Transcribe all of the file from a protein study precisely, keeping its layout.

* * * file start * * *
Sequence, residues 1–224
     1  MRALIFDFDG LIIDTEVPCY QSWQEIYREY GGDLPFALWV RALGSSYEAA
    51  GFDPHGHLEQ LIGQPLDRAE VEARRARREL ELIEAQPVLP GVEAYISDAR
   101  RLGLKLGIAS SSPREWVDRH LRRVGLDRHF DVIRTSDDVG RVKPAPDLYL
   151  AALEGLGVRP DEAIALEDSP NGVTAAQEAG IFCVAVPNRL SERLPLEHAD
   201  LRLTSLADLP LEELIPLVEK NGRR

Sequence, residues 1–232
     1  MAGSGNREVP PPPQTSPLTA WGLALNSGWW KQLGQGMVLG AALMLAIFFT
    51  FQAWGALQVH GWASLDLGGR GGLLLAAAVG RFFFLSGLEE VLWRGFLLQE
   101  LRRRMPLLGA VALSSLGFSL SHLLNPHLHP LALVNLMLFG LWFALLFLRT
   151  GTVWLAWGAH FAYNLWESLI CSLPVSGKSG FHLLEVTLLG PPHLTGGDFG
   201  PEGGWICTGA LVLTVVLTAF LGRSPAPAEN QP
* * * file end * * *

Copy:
Sequence, residues 1–224
     1  MRALIFDFDG LIIDTEVPCY QSWQEIYREY GGDLPFALWV RALGSSYEAA
    51  GFDPHGHLEQ LIGQPLDRAE VEARRARREL ELIEAQPVLP GVEAYISDAR
   101  RLGLKLGIAS SSPREWVDRH LRRVGLDRHF DVIRTSDDVG RVKPAPDLYL
   151  AALEGLGVRP DEAIALEDSP NGVTAAQEAG IFCVAVPNRL SERLPLEHAD
   201  LRLTSLADLP LEELIPLVEK NGRR

Sequence, residues 1–232
     1  MAGSGNREVP PPPQTSPLTA WGLALNSGWW KQLGQGMVLG AALMLAIFFT
    51  FQAWGALQVH GWASLDLGGR GGLLLAAAVG RFFFLSGLEE VLWRGFLLQE
   101  LRRRMPLLGA VALSSLGFSL SHLLNPHLHP LALVNLMLFG LWFALLFLRT
   151  GTVWLAWGAH FAYNLWESLI CSLPVSGKSG FHLLEVTLLG PPHLTGGDFG
   201  PEGGWICTGA LVLTVVLTAF LGRSPAPAEN QP